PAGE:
By Alexandra Bruell and Nat Ives
Attendees at the marketing industry’s biggest gathering worried about brand safety and data privacy
The Cannes Lions ad festival is a sunny fixture for many in marketing, an annual ritual of schmoozing on the French Riviera, drinking ever-present rosé and sounding off on panels about the industry and creativity.
But amid the self-congratulation and parties, there was plenty of handwringing among attendees this year who worried aloud and often about brand safety and data privacy online.
“The first time your brand is damaged, it’s not easily fixed,” said Bob Rupczynski, corporate vice president of global media and customer relationship management at McDonald’s Corp. , during a panel titled “The Internet: Don’t Ruin a Good Thing.” He said brand safety is a top priority of the fast-food chain.
McDonald’s, Clorox Co. , Nestlé SA, “Fortnite” publisher Epic Games Inc. and AT&T Inc. paused ads on Google’s YouTube in February, for example, following reports that viewers were making inappropriate comments on videos of young girls.
Cannes was its usual self in many ways. Media and tech companies threw lavish parties flush with themed cocktails and exotic canapés to help pry open the wallets of advertisers.
“Saturday Night Live” creator Lorne Michaels attended a Snap Inc. dinner at the tony Hôtel du Cap-Eden-Roc, while news veteran Katie Couric mingled with marketers at an event hosted by Vice Media LLC and Pttow LLC, a membership club for executives and “icons.”
But amid the festivities, pressure on digital media became a recurring theme.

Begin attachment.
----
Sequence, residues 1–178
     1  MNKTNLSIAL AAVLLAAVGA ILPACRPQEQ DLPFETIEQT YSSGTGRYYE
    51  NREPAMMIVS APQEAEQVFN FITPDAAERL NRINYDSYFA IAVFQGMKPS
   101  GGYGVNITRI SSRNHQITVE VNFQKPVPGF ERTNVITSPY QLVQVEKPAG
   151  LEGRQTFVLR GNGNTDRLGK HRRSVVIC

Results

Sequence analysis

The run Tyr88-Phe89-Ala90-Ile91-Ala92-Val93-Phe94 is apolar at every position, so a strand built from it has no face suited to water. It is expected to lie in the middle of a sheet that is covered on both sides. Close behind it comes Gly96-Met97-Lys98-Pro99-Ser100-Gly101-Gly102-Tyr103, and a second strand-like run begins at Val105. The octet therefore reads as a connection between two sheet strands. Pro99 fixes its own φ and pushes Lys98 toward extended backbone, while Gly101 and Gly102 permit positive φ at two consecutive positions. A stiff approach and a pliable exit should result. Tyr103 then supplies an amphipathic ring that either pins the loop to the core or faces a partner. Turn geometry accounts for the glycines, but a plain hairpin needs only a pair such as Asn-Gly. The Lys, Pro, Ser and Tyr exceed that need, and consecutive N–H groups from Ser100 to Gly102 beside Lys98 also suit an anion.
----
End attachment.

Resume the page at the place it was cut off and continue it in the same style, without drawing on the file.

Facebook has created a “new universe,” said Pedro Earp, chief marketing officer at Anheuser-Busch InBev and head of ZX Ventures. “In a new world you have things that shouldn’t be there, we have bad people, we have a bunch of stuff,” he said. “They are kind of trying to be the police of this new world, but it’s very uncharted territory.”
The tech giants have been working to clean up their platforms, deploying new technologies and increasing human review. Despite the efforts, unwanted content remains a point of tension in the companies’ relationship with advertisers.
“We’re in different businesses but we have similar objectives,” said Carolyn Everson, vice president of global marketing solutions at Facebook, in an interview. “We want to create an ecosystem for advertisers that is healthy, that consumers feel really positive about—that they feel safe and secure on the platforms, and feel good about the brands that support them.”
In a panel to roll out the coalition, Ms. Everson also stressed the difficulty ahead. “I want to be realistic that this is not a fully solvable problem,” she said. “I can’t ensure the safety of everybody at this beach when we walk down the Croisette.”
That sentiment received mixed reactions from conference goers.
Facebook has hired thousands of people in an effort to make its platforms safer but can’t say it is working hard to fix its issues while absolving itself of responsibility, said Tim Andree, chief executive at Dentsu Aegis Network, a unit of Japanese ad giant Dentsu Inc.
“It’s about the end result making us believe they remain vigilant and that they’re pushing for a completely secure and safe platform,” he said.
Facebook declined to comment. Google didn’t immediately respond to a request for comment.
Some Cannes attendees also called for federal regulation on privacy, partly to protect consumers and partly to preempt a potential patchwork of state legislation, an anticipated a bumpy road ahead for marketers.
The California Consumer Privacy Act taking effect next year could hurt brands’ access to data about consumers online, warned Tanya Forsheit, a partner and chair of the privacy and data security group at Frankfurt Kurnit Klein & Selz.
When the new law goes into effect, every website is likely to have a link that says, “Do not sell my personal information,” Ms. Forsheit said during a panel hosted by The Wall Street Journal.
Ms. Forsheit said consumers may think if they don’t click, “their Social Security number will get sold.”
Feature Image Credit:
By Alexandra Bruell and Nat Ives
Sourced from The Wall Street Journal